Embronominalisations: Massacrationing the English Language

Massacration were a parody heavy metal band from Brazil, originating as a sketch on that country’s comedy show Hermes e Renato. I didn’t know this when I found them back in 2006, when my friend and I in Australia typed “metal” into Youtube, and were greeted by the Metal Milkshake music video. From there we watched the rest of their videos; Metal Bucetation, Cereal Metal, Metal is the Law, and of course Evil Papagali. We were hooked.

Massacration obviously loved and understood heavy metal so well that they didn’t come off as pandering, annoying or insincere. They poked fun at heavy metal sub-cultures and the overall pomposity and grandeur of so-called traditional heavy metal with such love – and actual decent songs – that metal fans embraced the band, especially in their native Brazil. Actually, I’m not sure how many people know of the band outside of Brazil, and that’s a real shame.

I was inspired to write about Massacration for two reasons. Recently I went out for some drinks in Beijing, and I saw a bottle of Cachaça behind the bar, reminding me of the epic Massacration break-up song, The Bull (NSFW)

Tragically, I also recently learned that lead guitarist and video director Fausto Fanti (aka Blonde Hammet) took his own life in 2014. So, this is also a way for me to pay respects to him, and bring a bit of recognition to his great band and sense of humour. RIP Blonde Hammet.

So how does this all tie into nominalisations? Does it? Let’s explore!



The metalisation of chortalisms in post-modernity globalised musicania.

Before I make the very tenuous nominalisation/Massacration connection though, let me introduce the band.

Massacration was Detonator, Blonde Hammet, Metal Avenger, Headmaster, and Jimmy “The Hammer”. Lead singer Detonator and lead guitarist Blonde Hammet were the stars, and along with bass player Metal Avenger, were the only ones in the group that could actually play their instruments. Detonator employed a comedic falsetto singing style, that parodied the very high-register, quasi-operatic vocal styles of popular 80s-metal singers like Michael Kiske and Rob Halford. He played on this conceit by speaking with a high voice in interviews and public appearances; his fictional back-story being that he was a castrato. Blonde Hammet, always wearing his Oakley wrap-around shades under his distinct blonde bangs, was the straight-man to Detonator’s absurdity. He would occasionally get a subtle laugh in, mostly through visual gags (the timing of the kiss he blows to camera in The Bull is perfect). The rest of the band were practically faceless window-dressing as far as identities went, and that was fine.

A comparison can be drawn to similar mixed-media parody metal band/TV show Dethklok/Metalocalypse. However, where this parody band was about bringing the grim mythos of metal album covers to life through a story-based TV show; Massacration were about transforming  mundane, relatable and everyday occurrences and things into metalI thought a long time about whether this description is apt, considering The Mummy is one of their songs; however, even that song was just about wanting to have sex after a long dry-spell, so I’ll stand by it.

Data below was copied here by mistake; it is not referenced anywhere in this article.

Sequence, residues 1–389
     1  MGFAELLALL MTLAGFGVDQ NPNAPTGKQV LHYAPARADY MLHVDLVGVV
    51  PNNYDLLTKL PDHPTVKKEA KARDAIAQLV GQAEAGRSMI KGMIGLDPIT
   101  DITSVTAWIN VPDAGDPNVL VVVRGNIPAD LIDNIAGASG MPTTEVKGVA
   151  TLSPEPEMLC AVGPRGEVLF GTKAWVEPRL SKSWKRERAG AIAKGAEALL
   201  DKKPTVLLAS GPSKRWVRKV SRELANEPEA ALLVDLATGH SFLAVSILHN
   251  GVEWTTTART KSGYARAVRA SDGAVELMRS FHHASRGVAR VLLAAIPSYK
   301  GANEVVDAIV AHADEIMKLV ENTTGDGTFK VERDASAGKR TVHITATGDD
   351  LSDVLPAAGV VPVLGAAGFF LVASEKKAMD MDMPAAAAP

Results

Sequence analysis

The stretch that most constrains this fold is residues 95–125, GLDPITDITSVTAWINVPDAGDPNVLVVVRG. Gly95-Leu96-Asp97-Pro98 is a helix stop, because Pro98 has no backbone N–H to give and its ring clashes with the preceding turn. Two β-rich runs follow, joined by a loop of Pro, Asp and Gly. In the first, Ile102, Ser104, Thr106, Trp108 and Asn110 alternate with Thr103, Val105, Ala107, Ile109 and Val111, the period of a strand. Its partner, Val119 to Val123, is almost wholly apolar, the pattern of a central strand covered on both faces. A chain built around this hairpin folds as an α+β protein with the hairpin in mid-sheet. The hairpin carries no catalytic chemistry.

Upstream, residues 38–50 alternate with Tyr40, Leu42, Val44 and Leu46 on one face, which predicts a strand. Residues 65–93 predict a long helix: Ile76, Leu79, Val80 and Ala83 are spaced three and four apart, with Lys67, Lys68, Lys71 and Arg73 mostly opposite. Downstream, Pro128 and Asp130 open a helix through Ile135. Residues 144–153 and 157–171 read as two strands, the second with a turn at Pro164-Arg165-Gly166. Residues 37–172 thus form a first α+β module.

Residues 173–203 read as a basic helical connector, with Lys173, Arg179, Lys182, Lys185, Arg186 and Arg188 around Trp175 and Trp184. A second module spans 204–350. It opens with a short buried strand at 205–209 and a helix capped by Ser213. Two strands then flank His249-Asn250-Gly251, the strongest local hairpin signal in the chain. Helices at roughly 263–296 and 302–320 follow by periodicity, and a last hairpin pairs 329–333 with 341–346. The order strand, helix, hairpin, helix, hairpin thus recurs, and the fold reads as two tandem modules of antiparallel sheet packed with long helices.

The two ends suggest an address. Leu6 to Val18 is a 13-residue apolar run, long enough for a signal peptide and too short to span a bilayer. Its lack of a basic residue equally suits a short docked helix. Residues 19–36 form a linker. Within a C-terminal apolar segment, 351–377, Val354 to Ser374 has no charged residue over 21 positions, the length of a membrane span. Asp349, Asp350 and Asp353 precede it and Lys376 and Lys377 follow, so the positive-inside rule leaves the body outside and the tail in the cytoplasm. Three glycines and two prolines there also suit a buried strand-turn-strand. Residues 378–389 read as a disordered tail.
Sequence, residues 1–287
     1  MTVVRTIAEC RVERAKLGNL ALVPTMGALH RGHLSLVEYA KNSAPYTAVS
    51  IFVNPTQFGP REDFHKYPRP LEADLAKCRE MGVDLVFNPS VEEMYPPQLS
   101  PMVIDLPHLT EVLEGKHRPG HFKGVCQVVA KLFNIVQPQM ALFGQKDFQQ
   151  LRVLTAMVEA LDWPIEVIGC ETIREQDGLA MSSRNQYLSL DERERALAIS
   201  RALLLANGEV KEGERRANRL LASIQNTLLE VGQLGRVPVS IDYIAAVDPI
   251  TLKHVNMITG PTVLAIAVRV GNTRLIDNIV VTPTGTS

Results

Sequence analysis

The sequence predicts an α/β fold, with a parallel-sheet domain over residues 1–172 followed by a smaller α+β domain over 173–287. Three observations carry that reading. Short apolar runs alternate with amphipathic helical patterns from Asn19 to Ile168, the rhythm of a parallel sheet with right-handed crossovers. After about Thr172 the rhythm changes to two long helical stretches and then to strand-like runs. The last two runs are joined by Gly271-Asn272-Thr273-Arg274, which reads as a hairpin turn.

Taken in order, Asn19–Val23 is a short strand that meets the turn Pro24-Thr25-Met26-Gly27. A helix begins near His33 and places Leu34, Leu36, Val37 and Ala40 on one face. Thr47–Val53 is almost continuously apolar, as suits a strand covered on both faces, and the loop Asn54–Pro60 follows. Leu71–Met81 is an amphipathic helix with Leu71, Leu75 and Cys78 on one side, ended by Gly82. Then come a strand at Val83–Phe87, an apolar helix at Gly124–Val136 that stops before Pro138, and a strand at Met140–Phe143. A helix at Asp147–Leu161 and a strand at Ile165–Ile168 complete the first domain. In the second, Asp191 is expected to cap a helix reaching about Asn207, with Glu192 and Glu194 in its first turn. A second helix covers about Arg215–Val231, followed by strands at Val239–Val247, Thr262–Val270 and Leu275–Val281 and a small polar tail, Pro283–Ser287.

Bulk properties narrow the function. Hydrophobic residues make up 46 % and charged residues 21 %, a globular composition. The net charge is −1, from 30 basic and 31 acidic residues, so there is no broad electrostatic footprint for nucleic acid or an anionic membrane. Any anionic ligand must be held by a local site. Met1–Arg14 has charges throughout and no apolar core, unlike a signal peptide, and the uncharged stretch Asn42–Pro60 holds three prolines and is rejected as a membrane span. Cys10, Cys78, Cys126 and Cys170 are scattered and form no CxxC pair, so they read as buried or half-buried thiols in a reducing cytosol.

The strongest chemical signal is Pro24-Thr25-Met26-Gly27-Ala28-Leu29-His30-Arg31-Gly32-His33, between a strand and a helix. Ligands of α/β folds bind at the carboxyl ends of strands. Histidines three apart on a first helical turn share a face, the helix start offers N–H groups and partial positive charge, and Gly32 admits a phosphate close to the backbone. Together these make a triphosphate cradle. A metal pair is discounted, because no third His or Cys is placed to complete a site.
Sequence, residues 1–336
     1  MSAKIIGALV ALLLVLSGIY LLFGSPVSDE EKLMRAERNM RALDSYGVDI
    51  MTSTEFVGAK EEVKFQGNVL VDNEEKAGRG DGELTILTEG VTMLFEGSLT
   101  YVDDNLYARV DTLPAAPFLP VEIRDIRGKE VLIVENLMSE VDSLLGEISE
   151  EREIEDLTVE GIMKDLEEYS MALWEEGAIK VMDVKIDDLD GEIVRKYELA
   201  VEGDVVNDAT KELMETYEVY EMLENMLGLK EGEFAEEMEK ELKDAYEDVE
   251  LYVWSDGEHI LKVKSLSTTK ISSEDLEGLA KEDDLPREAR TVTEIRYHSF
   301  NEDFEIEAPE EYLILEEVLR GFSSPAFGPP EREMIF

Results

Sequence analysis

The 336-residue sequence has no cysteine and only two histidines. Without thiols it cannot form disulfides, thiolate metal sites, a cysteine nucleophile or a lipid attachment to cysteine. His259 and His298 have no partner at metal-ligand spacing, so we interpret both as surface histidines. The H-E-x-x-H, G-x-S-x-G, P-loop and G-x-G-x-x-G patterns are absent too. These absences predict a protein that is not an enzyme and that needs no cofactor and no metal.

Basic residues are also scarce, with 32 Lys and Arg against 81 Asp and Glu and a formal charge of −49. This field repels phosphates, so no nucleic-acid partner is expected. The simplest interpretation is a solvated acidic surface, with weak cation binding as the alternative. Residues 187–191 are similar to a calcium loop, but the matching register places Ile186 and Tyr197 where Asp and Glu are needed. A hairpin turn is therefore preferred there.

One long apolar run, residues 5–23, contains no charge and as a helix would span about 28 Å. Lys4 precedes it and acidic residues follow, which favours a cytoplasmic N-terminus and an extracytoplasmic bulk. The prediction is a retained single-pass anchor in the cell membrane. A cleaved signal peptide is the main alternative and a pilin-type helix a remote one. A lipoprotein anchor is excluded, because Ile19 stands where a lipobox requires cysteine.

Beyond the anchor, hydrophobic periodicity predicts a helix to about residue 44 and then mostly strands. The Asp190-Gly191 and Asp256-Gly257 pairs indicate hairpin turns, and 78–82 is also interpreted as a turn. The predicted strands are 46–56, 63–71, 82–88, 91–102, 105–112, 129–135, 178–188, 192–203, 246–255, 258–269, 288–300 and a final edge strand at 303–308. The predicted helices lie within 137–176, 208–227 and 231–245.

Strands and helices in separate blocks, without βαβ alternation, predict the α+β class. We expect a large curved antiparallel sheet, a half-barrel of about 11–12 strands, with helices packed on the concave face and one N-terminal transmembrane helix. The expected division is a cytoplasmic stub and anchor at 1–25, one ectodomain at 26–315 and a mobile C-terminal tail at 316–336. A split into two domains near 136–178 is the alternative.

Evil Papagali.png

Relatable topics

In their comedic arsenal, the producers of the Massacration videos had real comedic chops. While the videos and songs from the Hermes e Renato sketch show and first album (Gates of Metal Fried Chicken of Death (2005)) were clearly low budget, they were still very effective. Evil Papagali had a silly looking hand-puppet parrot ‘flying’ around a city getting into all sorts of humorous shenanigans. Metal Milkshake ended with the band assembling a giant (and incredibly cheap looking) Flying V guitar to shoot a laser at a giant Michael Jackson impersonator. Cereal Metal involved the band in what seems to be a metal boot-camp leading a group of young, doughy metal-heads in military training involving star jumps, interspersed with footage of the band eating their own brand of cereal. Lifestyle advertising at its finest. Halfway through this video is a smash cut to lead singer Detonator, who opens a container with a spring loaded snake. With a look of shock and fear as the snake bursts out, he unleashes a wicked-sick falsetto power metal scream, that kicks the song into its thrash-section! Brilliant!


Cereal Metal.jpg


After touring as a real band following their unexpected success; by the second album Good Blood Headbanguers (produced by famed producer Roy Z (2009)), the band had money and the accompanying videos were of a much higher budget. While The Mummy is probably the most appealing in a broad-comedic sense, and The Bull is absolutely brilliant in its complete absurdity; it’s the Sufocators of Metal video that is perhaps the strongest showing of the pomposity and gloriousness of metal lyrics in contrast to the mundanity of real life theme. The video begins with the band in a cheap looking diner, sitting around a small fluorescent-lit table, sharing a long-neck of beer that is being drunk out of tiny plastic cups. Detonator arrives and begins to sing his furious tale about the “Sufocator” – an acquaintance who took his “CDs and DVDs of metal” but didn’t return them. During the chorus, the band in unison sings “e Sufocation!” as they triumphantly toast each other like victorious warriors in a fire-lit great hall after a glorious battle… but with plastic cups in a cheap looking diner. For Massacration, real-life was always glorious.